Governor Whitmer focuses on healthcare in State of the State address


Speech makes bold recognition of racial disparities in outcomes


The annual State of the State address to the Michigan legislature predictably offered a proposal to “fix the damned roads”, the Governor’s central campaign promise, but it also addressed issues of healthcare and confronted the impact of racism on health outcomes. Gov. Gretchen Whitmer called on bipartisan support for proposals winding their way through the legislature. She also announced studies to address prescription drug costs and postpartum care.


As the Affordable Care Act faces challenges in the federal courts, Gov. Whitmer says Representatives Kuppa, Hoadley and Koleszar are sponsoring legislation in the Healthy MI package of bills to protect residents with pre-existing conditions. “... we need the support of lawmakers on both sides of the aisle,” said Whitmer. “I urge the lawmakers here tonight to think about your constituents. Think about any woman who has given birth, any child with asthma, or anyone with a chronic condition like diabetes or high blood pressure.”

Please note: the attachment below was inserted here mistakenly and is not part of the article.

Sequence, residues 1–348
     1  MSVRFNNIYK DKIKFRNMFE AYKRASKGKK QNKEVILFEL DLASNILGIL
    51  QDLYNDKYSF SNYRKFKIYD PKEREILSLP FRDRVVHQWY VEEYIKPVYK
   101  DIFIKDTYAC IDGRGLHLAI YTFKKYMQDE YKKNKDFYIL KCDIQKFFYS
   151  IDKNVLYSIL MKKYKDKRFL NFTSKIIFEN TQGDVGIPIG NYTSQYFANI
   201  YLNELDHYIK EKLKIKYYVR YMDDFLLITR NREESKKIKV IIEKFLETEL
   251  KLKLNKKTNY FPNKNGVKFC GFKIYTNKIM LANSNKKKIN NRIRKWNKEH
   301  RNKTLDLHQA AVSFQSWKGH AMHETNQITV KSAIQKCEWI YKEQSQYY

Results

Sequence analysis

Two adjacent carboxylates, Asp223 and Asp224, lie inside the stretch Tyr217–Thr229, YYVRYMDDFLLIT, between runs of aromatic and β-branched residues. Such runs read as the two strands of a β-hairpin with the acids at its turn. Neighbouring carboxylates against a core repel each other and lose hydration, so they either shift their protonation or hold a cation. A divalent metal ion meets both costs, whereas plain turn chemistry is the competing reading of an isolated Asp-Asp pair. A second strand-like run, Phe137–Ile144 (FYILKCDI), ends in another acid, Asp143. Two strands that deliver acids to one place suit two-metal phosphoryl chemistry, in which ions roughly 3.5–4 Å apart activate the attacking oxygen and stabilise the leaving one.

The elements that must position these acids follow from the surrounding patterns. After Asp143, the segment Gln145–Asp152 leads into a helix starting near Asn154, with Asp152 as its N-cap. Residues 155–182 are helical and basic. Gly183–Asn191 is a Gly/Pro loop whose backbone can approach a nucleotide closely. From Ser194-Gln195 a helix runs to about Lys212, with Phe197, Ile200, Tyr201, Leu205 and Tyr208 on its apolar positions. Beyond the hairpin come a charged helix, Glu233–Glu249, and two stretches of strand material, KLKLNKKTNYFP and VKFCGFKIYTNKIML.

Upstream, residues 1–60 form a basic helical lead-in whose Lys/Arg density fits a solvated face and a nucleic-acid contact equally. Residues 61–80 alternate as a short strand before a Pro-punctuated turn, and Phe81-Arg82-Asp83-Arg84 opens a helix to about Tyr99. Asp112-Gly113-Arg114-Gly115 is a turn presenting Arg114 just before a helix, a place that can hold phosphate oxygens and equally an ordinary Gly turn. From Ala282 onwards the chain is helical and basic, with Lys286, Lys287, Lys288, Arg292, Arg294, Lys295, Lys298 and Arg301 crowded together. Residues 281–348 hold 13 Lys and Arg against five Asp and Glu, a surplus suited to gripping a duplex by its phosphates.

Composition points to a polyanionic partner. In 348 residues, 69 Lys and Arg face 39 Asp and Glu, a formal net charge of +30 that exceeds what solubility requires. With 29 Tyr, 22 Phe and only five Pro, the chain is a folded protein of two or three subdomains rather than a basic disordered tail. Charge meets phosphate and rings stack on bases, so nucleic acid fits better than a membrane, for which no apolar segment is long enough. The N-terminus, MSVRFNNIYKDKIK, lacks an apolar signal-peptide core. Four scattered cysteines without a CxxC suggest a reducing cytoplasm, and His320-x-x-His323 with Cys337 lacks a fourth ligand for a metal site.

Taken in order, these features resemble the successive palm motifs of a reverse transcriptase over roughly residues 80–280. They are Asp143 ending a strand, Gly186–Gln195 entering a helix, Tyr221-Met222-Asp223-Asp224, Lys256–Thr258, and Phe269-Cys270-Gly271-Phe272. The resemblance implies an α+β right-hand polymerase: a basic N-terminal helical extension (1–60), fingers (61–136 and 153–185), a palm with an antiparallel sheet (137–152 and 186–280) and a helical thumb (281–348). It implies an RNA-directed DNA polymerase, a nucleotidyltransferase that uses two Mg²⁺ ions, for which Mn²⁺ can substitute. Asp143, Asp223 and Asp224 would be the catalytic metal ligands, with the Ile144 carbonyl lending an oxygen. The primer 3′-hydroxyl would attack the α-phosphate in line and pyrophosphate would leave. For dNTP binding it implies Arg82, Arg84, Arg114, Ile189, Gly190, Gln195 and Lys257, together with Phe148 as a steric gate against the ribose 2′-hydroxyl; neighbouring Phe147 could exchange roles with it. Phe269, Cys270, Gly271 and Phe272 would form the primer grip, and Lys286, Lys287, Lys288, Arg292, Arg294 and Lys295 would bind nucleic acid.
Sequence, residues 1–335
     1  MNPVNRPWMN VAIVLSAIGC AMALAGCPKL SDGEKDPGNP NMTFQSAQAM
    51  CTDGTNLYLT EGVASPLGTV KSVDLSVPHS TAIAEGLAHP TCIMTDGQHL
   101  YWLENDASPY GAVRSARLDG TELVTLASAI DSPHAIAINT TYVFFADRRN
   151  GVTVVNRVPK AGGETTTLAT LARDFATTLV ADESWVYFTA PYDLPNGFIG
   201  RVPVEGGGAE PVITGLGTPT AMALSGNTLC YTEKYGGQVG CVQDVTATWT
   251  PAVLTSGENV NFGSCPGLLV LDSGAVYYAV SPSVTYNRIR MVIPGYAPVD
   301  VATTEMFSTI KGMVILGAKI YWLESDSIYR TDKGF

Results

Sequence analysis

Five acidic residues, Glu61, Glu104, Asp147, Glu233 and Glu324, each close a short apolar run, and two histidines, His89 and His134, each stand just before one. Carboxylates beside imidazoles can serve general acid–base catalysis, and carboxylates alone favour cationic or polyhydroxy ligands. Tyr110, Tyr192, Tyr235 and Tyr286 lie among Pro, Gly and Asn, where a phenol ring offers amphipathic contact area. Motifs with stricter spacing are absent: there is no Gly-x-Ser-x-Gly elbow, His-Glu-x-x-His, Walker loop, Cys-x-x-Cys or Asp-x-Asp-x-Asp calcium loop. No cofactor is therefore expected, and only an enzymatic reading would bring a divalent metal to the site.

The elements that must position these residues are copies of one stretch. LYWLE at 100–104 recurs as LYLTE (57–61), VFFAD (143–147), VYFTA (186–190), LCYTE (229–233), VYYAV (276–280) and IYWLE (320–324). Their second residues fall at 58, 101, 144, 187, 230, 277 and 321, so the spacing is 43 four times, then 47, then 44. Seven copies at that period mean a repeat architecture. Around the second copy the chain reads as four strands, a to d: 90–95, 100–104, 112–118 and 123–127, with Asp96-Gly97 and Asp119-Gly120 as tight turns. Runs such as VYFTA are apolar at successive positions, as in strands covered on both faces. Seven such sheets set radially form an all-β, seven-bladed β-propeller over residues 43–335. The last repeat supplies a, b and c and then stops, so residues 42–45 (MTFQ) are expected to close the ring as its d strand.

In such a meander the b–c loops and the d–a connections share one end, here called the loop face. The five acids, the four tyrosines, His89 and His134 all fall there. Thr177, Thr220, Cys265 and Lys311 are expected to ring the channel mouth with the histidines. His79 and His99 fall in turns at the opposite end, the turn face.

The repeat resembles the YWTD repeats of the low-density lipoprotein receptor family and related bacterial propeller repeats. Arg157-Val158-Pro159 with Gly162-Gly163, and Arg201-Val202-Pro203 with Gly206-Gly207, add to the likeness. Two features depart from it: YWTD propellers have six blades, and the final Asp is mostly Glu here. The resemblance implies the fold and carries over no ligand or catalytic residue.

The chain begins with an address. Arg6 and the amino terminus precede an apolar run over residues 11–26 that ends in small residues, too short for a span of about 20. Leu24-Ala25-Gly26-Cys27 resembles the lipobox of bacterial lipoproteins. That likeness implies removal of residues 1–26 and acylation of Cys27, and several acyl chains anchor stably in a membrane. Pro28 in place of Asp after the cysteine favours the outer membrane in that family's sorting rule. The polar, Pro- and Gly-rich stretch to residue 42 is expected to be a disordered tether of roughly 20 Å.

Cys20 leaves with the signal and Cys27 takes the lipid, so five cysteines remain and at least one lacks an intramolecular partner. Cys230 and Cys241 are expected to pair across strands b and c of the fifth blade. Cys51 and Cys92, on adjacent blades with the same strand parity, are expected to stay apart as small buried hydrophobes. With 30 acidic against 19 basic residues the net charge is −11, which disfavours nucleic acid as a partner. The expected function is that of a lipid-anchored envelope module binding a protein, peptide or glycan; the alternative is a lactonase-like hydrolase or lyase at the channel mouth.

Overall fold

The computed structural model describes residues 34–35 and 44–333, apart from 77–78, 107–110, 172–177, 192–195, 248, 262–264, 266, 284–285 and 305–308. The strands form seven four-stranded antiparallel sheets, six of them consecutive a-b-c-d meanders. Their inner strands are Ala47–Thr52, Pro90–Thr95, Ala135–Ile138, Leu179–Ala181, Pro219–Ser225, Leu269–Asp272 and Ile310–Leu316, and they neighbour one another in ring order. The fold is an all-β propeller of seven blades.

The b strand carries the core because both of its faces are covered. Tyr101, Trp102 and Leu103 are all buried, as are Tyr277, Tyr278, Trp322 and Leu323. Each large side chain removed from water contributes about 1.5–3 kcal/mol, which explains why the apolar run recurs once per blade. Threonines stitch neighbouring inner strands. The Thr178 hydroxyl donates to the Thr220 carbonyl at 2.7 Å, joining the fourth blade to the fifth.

Gov. Whitmer also announced the creation of a healthcare task force to look at ways to keep down the prices of prescription drugs and ensure that every woman in the state can have a healthy pregnancy, birth, and postpartum care. “If you can’t afford to fill a prescription, you could wind up in the ER ...or worse,” said Whitmer.


Moreover, Gov. Whitmer’s proposed budget would extend health coverage for low-income women who have had babies, extend postpartum care from 60 days to one full year and expand access to home visiting programs. She also promised to make an intensive effort to eliminate the disparities in care for new moms of color. Currently, black women are three times as likely than white women to die from pregnancy related causes. “This is a staggering disparity. So I’m working with Michigan’s medical community to address it,” said Whitmer.


Her administration will work with medical universities to incorporate implicit bias training into their curriculum. “We need our medical professionals and our future doctors and nurses to be aware of bias and root it out so we can promote equity in outcomes for every mom and every baby,” said Whitmer.

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